been meaning to write a review of
MindManger for many weeks now (August 2002). My current consulting
engagement has me working for a Department of Energy contractor at a former
nuclear weapons plant, Rocky Flats, www.rfets.gov
. The work involves that wickedly complex task of Information Technology
Strategy and how to develop one for a "business" that is actually going out of
business - site remediation and closure.
past such an effort would entail the generation of plans and strategies tied to
the business goals of the enterprise. This approach is still in use, but with
some updated methods. First, Balanced Scorecard is the means of identifying the
needs of the organization and how they will be fulfilled. I'm using MindManager, Balanced Scorecard and Visio to do in weeks what would have taken
where does MindManager fit in?
process of developing an IT Strategy involves many "moving" parts. These parts
are typically hierarchical in nature, starting with a set of goals. Measures
and Actions in support of the goals are developed next.
Supporting materials for the Measures, Actions, and Outcomes need to be
assembled in some structured form with links to electronic documents and
outside sources (computer files, books, web sites, emails, three ring binders
with tracking numbers, etc.) BTW a full text indexing tool is mandatory for
any serious work in the "knowledge worker" area. So add this to the tools list
for Project Management.
all this together in MindManager changes how the work can be done. MindManager
becomes a integrative technology, not just a tool for making maps or organizing
thoughts, but for managing all the content associated with these thoughts.
a company web site where I park lots of information for use in my consulting
practice, mostly for my own use. Clients and hopefully strangers go to the site
for information. MindManager is a great way to organize "views" of a
repository. Arranging the "view" is very simple, as is publishing the navigator
for such a view. I can make a view for DOE Stewardship, or another view for
Agile Project Management. Change these views as the information evolves. The
content of the navigation site can include documents on my server as well as
external links. In a sense this is a "poor man's" content management system.
Static for sure, but easily updated and with a great user interface.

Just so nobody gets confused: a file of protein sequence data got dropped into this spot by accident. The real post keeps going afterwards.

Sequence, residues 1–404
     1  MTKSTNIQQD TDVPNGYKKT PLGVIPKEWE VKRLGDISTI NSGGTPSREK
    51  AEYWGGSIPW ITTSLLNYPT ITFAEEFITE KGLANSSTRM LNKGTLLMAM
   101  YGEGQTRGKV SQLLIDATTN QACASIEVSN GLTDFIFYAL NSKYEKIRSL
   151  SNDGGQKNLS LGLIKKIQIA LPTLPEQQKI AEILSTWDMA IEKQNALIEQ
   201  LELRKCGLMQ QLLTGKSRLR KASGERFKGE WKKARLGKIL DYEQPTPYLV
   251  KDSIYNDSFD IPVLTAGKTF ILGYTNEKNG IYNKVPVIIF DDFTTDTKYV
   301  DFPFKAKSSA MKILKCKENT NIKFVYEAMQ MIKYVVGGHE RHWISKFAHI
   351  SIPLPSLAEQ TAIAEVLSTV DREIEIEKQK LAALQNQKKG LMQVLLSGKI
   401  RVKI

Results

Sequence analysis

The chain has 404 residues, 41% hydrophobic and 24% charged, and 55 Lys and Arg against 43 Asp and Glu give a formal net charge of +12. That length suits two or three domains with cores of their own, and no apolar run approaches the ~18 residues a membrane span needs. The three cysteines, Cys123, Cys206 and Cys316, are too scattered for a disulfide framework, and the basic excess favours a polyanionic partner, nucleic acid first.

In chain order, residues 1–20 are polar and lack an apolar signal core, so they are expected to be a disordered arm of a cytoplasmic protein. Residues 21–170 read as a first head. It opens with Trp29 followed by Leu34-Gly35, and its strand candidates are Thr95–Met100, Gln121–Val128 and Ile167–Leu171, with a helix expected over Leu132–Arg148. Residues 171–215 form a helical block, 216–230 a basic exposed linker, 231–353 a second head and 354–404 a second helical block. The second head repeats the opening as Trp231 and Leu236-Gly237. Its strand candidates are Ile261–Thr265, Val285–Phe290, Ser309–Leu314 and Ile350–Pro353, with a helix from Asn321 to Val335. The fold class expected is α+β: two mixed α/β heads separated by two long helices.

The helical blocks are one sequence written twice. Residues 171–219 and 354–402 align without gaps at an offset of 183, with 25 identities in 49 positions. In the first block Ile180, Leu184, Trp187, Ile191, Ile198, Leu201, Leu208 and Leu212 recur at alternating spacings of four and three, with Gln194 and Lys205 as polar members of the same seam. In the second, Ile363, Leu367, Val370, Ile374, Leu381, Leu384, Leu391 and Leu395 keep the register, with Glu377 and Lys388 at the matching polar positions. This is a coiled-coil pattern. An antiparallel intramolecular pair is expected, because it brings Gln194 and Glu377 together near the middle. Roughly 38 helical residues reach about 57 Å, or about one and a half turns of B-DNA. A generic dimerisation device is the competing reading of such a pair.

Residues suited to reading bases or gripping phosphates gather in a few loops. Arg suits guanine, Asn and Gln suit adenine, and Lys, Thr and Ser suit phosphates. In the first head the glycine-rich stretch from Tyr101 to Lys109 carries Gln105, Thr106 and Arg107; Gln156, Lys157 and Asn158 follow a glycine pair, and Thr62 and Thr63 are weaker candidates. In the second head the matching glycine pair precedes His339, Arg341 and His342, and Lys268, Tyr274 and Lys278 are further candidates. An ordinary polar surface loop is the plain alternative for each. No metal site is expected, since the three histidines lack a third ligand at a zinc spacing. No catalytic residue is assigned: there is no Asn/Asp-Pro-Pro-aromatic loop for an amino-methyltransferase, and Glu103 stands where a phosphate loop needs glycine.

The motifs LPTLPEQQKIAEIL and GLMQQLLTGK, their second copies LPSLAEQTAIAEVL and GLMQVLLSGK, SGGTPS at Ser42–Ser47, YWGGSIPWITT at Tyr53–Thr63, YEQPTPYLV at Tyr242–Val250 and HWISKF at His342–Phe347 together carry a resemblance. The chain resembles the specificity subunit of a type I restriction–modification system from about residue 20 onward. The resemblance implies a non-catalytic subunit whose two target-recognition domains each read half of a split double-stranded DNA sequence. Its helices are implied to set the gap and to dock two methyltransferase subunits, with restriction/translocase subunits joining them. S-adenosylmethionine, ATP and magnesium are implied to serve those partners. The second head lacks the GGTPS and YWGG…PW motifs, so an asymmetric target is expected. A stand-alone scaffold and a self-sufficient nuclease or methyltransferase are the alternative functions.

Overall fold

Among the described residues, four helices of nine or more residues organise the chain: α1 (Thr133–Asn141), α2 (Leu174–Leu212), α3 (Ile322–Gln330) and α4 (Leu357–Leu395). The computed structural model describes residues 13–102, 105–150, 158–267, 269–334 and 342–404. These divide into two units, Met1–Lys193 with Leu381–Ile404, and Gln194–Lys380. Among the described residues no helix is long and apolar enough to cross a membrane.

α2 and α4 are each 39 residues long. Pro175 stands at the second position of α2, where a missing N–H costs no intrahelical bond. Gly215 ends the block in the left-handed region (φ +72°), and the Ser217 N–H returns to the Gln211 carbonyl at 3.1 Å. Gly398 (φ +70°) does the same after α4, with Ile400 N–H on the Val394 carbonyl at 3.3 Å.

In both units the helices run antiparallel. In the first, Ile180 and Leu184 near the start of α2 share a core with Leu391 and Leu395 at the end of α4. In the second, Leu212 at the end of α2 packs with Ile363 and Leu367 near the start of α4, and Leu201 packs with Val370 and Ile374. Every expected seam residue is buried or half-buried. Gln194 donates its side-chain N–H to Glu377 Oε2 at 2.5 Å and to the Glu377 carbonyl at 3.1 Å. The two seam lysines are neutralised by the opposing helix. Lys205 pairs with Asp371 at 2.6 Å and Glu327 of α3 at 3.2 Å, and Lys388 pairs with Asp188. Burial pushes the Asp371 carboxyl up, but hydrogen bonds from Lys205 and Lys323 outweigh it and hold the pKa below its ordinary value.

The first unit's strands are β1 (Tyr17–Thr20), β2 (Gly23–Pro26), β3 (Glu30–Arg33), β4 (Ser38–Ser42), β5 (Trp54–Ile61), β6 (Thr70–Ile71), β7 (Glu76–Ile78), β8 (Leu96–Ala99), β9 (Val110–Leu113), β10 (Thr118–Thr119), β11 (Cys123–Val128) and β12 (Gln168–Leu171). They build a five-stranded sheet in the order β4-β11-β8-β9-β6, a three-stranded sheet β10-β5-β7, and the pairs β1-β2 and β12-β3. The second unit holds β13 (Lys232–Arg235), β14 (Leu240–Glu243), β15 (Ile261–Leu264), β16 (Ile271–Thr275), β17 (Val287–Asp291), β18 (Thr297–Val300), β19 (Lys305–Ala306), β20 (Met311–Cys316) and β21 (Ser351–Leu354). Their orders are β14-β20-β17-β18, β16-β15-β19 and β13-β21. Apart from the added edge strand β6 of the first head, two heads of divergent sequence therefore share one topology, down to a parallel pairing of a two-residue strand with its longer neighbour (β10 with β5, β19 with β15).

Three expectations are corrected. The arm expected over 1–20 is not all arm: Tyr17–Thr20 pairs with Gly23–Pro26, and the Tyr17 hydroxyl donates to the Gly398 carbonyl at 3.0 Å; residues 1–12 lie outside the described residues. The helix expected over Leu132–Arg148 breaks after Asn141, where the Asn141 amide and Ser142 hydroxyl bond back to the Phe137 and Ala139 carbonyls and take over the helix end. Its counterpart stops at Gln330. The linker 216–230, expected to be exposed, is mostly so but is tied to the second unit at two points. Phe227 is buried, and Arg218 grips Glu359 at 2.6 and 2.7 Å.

End Side Bar
is the work process changed?
a desktop folder paradigm is the first approach to organizing thoughts. This
of course runs out of gas very soon. Indexing, cross indexing, content
management, and all the other "document management" issues soon make this
only documents, but URL's as well as "notes" need to be assembled into a
structure for the strategy.
Dates, deliverables, dependencies, and other "project" like activities also
take place during the "thinking process"
management of all these "items" and their relationships can be done within MindManager.
what's to like?
real problem with a graphically based productivity tool is it is hard to
describe what it does and how it works to improve work just using words. I'll
try to give you the "elevator" speech:
Imagine a graphical hyperlinked "map" which can be rearranged by adding,
deleting, and dragging the nodes and links around.
Imagine a hyperlink tool that can have links, clever graphics associated with
the links, links to local documents, and moderately extensive notes associated
with each node in the hyperlink tree.
would describe the MindManager tool. But since it is a visual tool, words alone
are insufficient. One needs to "experience" the product on the glass before the
words really mean anything.
what's missing? Not Much
any productivity tool today, the original author's intentions are not how the
product gets used. "Mind Mapping" is a concept that has been around awhile, and
it has some formality behind the concept. A quick search will turn up the
"theory" of mind maps. The original Mind Mapping was based on pencil
and paper processes, which limits its ability to interact with modern software
based processes. More than mind mapping, the current product could also be
called "project mapping," or "work process mapping," or any other automation
process creative thought process.
So what's missing that gets in my way?